Friday, 26 April 2013

Addiction and Choice



Recommended reading: Addiction, a disorder of choice, by Gene M. Heyman

When we subject children to anti-drug propaganda* we may be taking for granted a few propositions that have not been established outside the ‘my pappy tol’ me so’ and ‘some dude in a pub said’ frames.

As Heyman’s thesis valiantly proves, addiction is absolutely a voluntary choice and is absolutely not a disease.

I’ll summarize the argument for the second claim first, because it’s so universally accepted today. If alcoholism, smoking, heavy drug use and oxycodone abuse were diseases, it would not be possible to ‘quit.’ Not with a change of attitude, not with rehab and not with meetings –all of which can and do end addiction in real life. More than 80% of heavy, chronic drug users quit on their own, by choice, most of them before they’re 30 (they also typically start at 18.) If the disease model made sense, then MS and diabetes could be ‘quit’ with the help of rehab or meetings, which is a ridiculous suggestion.

On to the voluntary choice aspect. Because a lot of the research on the subject tends to be done by economists, rather than mothers of 14-year-old boys, they often take it as read that people do not voluntarily choose self-destructive options. Anyone who has ever seen Jackass or its many imitators can snort at that idea. Clearly, people do, rather more often than most parents are comfortable, make choices that are not in the best interest of anyone, including themselves.

What’s going on?

It turns out that one other things economists get wrong is the frame in which the decisions are being made. Economists look at ‘market baskets’ –like a collection of possible spending choices for someone’s discretionary income, and see that overall people tend to make reasonably sensible choices: the ‘best interest’ model. Yet people have rationally pointed out that there are a great many people who are bankrupt –or being evicted for non-payment of rent, with big screen tvs and smartphones—that rather argues against the theory. The frame economists use, in Heyman’s terminology, is a global framework for decision making, and it does tend away from self-destructive and toward best interest. In drug use, this means that when someone frames the ‘will I use cocaine now?’ question in terms of ‘is this the best use of the next $150 and 4 hours of my time, considering my life goals?’ the answer is very, very different from a ‘local’ viewpoint.

The local view is ‘will I suffer through the craving now?’ In short-term decision-making, people will very often make self-destructive and even openly suicidal choices. In my post about lacking resources (Anti-Resourceful), I described one such devastating decision from my hometown. It is not irrational, from a ‘this moment’s pleasure’ standpoint, to use drugs instead of living through withdrawal.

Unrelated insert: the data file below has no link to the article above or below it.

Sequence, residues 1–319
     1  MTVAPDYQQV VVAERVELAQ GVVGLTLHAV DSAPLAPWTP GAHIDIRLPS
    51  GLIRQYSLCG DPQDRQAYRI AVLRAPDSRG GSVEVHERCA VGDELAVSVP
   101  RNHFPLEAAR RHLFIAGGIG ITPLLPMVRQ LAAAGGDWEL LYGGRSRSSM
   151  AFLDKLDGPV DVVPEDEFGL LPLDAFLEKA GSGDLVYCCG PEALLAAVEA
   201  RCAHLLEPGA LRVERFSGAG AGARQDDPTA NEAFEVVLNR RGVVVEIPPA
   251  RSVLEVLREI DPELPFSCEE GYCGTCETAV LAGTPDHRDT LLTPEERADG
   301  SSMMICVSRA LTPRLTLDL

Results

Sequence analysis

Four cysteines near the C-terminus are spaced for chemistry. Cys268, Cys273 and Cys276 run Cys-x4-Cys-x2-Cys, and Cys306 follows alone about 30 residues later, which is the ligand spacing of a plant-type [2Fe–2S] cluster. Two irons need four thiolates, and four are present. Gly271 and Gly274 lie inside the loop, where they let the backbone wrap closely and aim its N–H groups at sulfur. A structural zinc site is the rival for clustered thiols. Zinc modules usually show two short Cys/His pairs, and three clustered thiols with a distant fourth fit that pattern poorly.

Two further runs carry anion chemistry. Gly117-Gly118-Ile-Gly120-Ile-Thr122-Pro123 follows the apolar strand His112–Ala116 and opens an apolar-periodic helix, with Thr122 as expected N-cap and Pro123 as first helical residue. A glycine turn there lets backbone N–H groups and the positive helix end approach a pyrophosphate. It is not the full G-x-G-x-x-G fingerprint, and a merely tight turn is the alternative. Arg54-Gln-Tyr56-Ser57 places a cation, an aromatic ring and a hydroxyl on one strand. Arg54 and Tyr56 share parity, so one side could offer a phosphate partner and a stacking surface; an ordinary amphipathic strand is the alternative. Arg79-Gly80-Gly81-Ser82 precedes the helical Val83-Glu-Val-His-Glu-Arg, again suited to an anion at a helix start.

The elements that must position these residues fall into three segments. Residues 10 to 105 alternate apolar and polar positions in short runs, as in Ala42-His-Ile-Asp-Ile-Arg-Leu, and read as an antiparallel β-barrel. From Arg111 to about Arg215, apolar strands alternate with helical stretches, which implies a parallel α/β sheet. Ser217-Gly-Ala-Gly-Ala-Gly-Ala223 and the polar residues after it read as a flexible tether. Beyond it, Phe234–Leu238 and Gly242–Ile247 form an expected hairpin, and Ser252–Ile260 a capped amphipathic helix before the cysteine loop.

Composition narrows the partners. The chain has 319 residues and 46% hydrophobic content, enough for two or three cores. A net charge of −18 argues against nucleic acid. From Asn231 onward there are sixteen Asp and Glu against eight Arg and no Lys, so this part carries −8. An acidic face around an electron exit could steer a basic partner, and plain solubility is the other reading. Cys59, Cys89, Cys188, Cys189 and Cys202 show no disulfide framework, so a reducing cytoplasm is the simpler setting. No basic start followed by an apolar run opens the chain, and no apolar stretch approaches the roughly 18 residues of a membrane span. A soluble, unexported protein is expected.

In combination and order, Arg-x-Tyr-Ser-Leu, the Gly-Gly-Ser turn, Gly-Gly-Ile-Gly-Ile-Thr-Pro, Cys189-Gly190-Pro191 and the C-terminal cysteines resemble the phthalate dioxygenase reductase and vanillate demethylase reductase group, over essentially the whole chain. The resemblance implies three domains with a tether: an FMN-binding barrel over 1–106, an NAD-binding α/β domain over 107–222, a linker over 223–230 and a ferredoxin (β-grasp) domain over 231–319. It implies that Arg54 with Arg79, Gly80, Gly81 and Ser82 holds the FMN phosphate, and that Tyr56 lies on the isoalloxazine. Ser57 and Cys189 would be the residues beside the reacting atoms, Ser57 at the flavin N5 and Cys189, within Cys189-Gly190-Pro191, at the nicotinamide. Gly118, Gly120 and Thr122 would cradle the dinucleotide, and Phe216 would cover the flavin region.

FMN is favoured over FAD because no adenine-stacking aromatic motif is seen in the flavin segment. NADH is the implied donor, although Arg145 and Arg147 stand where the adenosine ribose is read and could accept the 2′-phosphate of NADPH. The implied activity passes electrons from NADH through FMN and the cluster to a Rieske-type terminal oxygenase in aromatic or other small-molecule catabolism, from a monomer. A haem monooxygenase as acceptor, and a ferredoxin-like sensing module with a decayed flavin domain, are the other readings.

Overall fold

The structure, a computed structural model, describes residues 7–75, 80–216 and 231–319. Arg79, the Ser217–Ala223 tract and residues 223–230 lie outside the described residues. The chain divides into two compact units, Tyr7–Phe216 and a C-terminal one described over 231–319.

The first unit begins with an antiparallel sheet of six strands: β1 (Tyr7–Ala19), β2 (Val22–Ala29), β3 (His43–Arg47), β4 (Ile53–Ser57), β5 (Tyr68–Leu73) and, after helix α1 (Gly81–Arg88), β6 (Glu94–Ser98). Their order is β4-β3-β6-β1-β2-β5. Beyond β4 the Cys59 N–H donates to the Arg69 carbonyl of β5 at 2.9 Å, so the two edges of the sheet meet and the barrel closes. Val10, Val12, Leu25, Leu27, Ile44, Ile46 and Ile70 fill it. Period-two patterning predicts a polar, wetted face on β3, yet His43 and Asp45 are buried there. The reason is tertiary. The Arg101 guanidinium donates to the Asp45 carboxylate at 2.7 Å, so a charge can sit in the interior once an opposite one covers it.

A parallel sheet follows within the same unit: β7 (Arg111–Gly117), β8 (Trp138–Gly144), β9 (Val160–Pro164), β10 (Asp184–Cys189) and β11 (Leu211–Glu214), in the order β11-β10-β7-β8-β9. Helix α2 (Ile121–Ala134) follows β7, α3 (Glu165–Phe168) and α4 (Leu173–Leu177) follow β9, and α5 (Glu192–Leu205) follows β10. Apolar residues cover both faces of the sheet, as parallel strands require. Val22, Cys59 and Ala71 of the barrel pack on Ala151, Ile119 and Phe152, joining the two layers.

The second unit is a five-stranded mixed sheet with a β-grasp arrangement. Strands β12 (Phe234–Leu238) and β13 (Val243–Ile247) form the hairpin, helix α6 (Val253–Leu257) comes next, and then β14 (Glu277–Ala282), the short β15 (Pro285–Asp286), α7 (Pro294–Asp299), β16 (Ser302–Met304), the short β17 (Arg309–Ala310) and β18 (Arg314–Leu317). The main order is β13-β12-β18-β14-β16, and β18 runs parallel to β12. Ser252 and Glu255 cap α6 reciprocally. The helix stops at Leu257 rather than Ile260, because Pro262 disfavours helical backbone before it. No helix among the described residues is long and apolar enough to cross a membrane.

So, to drug education

What do we tell the children, and what ‘works’ for avoiding hard core drug addiction?

As much as we don’t really believe it will work (hence the propaganda*) the answer is: The Truth.

The truth includes the fact that drugs use money, energy, resources and time in a way that does not get anyone closer to their personal goals in life. It’s uncommon knowledge, but you only get to spend this dollar, this bit of energy and this minute once.

The truth includes the fact that most people who experiment with drugs have their own very good reasons for not becoming habitual users, and it’s probably worth forty minutes of your life to figure out what yours are.

The truth includes the fact that there are many potentially-devastating side effects from most potent drugs, and in spite of the fact that the odds of ending up with any or all of them are really pretty small, without the drug use the odds are much nearer to zero.

The truth includes the fact that drug use has some real attractions that are genuinely hard to beat with anything else in the world, but none of those eradicate any of the other truths, including the fact that quitting is filled with suffering, often for a good long time.

The truth includes the fact that the majority of successful people look down on both the effects and the users of mood-altering substances particularly when the use can no longer be easily contained to non-productive hours, or when the urge to use spills out into criminal and anti-social behaviour. All people need the respect and goodwill of their friends and neighbours and while you’ll certainly be popular with your dealer/supplier and your buddy users, you will also certainly be restricting your social circle dramatically.

Do we have to get into dire threats and fictional statistics? I don’t think so. In fact, it would be ever so much better if we didn’t.


* Propaganda defined: amplified, simplified and vilified info-tainment designed to coerce underlings into believing whatever overlings have determined to be ‘best’ for them, regardless of any accuracy of statements…